The venue was a lake on the riverside of the Danube, an area that might have been parklands some time but judging for the state and taste of the water receives some industrial effluents. The course I already spoke about in a previous post, it was an M shaped 1500 loop.
The swim - Predicted time: 20.20 - Actual time 22.00
The gun went off and we all set off, the first 50m were the expected carnage but I found clear water right after, I kept going through my business at a high stroke rate and high power until 300m mark. The tactic was that my mate Reado would stick to my feet and hang on. I was going about the stuff and suddenly I noted that I wasn't able to keep a 3 strokes breathing rhythm. I changed to 2 strokes and kept going for another 50m and still feeling short of air, I just kept going until I could no more and I ducked up to check my heart rate. It was 198bpm. I checked again to make sure, and it indeed was through the roof, while doing that I saw Reado going by so I try to hang on to his feet to no avail. I had to slow down my pace for some time until I felt a bit better. The next 300m was a bit of a dark patch but I turned around the first buoy and started to feel better. It was time to play some catch up and I made sure I kept a good pace for the remaining of the swim (about 800m). I passed quite a good number of people on the way, I counted 25, but it may be more like 40 because the field was quite spread. Counting people and strokes certainly helped to keep things under control and I exited the water feeling good besides the setback.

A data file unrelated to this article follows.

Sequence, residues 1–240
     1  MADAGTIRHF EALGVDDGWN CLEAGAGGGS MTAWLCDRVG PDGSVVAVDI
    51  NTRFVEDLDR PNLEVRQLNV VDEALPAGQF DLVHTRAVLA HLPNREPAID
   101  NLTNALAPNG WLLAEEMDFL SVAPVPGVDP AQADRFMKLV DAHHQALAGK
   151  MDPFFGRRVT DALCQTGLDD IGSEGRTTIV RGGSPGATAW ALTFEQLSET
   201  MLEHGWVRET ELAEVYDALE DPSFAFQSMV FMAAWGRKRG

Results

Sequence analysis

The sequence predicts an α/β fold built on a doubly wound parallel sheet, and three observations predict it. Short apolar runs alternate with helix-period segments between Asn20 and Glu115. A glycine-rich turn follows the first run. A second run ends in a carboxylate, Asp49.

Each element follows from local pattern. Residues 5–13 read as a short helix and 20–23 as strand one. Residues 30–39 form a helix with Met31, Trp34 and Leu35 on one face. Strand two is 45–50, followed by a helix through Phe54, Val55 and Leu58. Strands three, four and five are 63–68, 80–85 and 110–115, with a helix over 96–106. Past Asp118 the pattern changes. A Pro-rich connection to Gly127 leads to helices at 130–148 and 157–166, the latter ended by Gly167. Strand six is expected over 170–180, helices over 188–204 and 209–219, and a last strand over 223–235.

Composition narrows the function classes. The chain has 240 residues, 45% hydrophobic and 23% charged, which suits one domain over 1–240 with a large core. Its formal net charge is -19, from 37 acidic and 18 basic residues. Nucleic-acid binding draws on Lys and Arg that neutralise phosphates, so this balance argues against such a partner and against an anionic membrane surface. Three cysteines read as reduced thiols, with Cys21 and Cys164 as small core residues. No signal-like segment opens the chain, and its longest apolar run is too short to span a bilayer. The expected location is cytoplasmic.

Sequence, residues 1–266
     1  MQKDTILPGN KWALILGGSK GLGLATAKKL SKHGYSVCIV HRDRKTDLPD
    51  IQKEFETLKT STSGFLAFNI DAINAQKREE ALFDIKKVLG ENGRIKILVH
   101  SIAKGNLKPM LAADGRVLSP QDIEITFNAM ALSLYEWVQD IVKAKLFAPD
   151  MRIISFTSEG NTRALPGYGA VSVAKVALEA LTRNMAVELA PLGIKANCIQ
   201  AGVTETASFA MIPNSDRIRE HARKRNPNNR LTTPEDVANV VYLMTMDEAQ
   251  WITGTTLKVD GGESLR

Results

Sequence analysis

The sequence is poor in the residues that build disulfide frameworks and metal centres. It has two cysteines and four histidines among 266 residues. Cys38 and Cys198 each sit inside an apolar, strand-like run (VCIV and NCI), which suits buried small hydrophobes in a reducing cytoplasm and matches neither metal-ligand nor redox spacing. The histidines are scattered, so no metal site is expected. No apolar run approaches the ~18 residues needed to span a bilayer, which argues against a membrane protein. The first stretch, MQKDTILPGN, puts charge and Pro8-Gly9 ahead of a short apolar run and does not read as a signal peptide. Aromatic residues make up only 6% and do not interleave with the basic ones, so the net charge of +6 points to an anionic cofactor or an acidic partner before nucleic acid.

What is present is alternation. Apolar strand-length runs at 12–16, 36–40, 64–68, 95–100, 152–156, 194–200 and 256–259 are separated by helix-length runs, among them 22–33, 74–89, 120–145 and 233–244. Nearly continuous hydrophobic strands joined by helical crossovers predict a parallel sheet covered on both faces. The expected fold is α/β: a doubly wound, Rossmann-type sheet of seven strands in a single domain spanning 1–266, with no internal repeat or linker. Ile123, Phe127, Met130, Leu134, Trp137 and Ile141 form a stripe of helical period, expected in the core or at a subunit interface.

- the race goes on -
The bike - predicted time 62min - Actual time 54min